Saturday, December 20, 2008

Bar's Workout routine

Almost every morning, I've been getting to the barn early to get Bar into the round pen and work with him. He still seems to look forward to it, and his attitude has indeed improved with the extra exercise and attention he's getting.

If I have time, I work both horses a little bit, but my primary focus right now is on Bar. Lena isn't entirely sure how she feels about that, but since she's still getting carrots and massages every morning, she's willing to ride it out to see if it helps get us back on the trail soon.

Our routine is pretty simple. He and I walk down to the arena, me insisting that he listen and not do too much dancing on the way there. I give him a few minutes to himself in the round pen to buck and roll and be a horse while I stand outside and watch him squeal and wheel and change direction as often as he likes before I go in and give him direction I expect him to follow.

Karen suggested letting him warm up at the lope/canter first, because it's an easier gait, then work on his trot, so that's what we've been doing. I'm also working on getting him to stay with me, rather than slip into his "zone" of race-breathing. I do a lot of talking to him, keeping my own energy calm and focused on him, praising him when I can tell he's paying attention to me.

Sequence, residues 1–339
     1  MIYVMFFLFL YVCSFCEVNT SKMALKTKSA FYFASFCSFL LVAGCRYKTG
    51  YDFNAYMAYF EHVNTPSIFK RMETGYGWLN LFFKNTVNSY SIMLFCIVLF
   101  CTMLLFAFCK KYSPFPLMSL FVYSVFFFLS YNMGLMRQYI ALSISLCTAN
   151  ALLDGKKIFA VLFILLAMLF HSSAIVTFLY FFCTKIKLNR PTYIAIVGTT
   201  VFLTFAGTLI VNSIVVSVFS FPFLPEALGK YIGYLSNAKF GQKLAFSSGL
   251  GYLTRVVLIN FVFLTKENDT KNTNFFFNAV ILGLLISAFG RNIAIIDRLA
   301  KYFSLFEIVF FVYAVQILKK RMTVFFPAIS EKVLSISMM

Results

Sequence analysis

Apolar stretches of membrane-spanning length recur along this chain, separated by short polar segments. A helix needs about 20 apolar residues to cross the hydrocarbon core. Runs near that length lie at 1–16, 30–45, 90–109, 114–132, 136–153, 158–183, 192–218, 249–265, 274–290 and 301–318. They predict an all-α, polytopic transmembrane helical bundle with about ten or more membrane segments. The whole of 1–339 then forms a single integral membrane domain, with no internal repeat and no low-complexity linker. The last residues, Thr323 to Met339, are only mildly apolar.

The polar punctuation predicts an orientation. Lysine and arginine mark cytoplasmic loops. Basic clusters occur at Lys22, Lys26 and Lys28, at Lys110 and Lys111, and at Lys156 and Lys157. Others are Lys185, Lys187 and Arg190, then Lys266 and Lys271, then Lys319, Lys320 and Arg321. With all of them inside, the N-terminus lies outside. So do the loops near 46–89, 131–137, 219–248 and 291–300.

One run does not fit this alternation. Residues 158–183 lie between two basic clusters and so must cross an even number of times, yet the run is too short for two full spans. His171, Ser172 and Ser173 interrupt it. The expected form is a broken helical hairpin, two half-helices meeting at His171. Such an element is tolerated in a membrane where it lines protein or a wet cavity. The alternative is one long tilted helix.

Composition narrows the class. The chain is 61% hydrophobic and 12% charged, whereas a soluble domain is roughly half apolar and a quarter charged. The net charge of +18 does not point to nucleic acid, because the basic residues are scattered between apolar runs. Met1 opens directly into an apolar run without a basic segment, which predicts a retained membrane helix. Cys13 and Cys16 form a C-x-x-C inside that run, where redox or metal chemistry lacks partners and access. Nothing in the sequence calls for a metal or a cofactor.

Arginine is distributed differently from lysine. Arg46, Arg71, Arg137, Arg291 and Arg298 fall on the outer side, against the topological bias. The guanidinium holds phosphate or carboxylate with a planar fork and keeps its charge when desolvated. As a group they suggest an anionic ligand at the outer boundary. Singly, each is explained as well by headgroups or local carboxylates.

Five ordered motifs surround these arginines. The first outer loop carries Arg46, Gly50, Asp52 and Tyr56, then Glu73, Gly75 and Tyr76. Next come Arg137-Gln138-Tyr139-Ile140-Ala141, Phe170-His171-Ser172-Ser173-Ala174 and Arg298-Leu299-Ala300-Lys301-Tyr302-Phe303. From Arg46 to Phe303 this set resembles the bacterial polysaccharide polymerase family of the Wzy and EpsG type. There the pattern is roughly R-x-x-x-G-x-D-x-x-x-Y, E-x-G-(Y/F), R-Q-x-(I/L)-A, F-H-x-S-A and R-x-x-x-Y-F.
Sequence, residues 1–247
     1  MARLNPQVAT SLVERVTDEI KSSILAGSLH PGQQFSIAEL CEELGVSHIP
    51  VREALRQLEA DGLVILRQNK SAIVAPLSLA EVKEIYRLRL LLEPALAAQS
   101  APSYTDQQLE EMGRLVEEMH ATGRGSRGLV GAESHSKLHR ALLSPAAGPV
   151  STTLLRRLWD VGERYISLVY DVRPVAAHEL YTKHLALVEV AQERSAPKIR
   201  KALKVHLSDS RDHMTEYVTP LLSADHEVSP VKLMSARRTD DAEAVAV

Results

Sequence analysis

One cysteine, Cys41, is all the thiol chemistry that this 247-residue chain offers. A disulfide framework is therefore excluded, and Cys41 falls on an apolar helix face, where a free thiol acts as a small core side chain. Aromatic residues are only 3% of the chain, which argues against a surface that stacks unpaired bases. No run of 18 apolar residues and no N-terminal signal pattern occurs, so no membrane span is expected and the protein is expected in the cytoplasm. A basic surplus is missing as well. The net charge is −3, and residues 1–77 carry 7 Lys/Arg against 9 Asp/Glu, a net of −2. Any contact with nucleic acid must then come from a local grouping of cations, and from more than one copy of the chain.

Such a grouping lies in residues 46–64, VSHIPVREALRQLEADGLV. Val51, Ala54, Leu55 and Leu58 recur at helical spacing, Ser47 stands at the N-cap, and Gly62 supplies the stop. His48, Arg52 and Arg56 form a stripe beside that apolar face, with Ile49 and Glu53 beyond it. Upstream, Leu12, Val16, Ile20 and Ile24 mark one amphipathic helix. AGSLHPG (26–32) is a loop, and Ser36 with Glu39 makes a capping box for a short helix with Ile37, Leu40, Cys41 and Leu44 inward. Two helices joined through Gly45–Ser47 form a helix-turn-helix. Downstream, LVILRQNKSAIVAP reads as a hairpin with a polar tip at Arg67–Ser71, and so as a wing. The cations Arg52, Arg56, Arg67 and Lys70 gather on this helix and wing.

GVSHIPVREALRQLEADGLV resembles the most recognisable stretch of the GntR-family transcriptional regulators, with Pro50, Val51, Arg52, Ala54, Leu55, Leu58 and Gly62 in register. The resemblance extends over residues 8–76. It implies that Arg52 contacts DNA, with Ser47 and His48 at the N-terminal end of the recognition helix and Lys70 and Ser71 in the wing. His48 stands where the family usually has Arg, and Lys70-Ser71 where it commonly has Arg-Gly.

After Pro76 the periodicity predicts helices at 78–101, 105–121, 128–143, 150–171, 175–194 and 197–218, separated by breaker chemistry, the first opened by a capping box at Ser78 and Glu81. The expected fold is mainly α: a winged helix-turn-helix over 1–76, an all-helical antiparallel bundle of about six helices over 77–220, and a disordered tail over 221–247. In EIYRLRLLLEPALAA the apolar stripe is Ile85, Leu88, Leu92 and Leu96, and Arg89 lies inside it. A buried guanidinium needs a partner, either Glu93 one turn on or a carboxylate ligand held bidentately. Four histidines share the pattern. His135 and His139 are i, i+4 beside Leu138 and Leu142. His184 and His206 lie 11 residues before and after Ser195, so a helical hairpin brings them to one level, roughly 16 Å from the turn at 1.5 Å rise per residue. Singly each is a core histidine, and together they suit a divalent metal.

We always end the same way, with some bending and stretching and simple ground exercises to work on his focus and manners. The mornings he's distracted, I'll put the lead rope back on him, walk him around me, stop him and wait for him to swing his hip away from me, then back him up a few steps. If he does that well, I'll do it again off the lead rope, getting him to move his hip away from me and back up without touching him at all. The mornings he's more focused, we can start without the lead rope, but my goal is always set him up to succeed, and some mornings he needs a little more input from me than others to get there.

The very last thing I ask him to do is follow me with the lead rope looped over his neck instead of in my hand. He has to stay at my shoulder while I wander all over the round pen, turning one way then the other, then he has to stop when I do and back up a step or two without me touching him or the lead rope.

The other morning, Peter said two things to me. One, my horses have it way too good, that he'd never come out every morning the way I do. Two, he'd probably have moved onto an easier horse than Bar by now, but that's because he's lazy. I took both of those things as compliments of a sort, though he may not have meant them as such.

My horse will never be mild-mannered and he will always be prone to dancing, but he and I are working things out in our own way, on our own time line. I've had people tell me to feed him less or maybe let him be a little sore to make him more controllable, but I'd really rather have a healthy horse and learn how to work with him, even if it takes me longer that way.

No comments: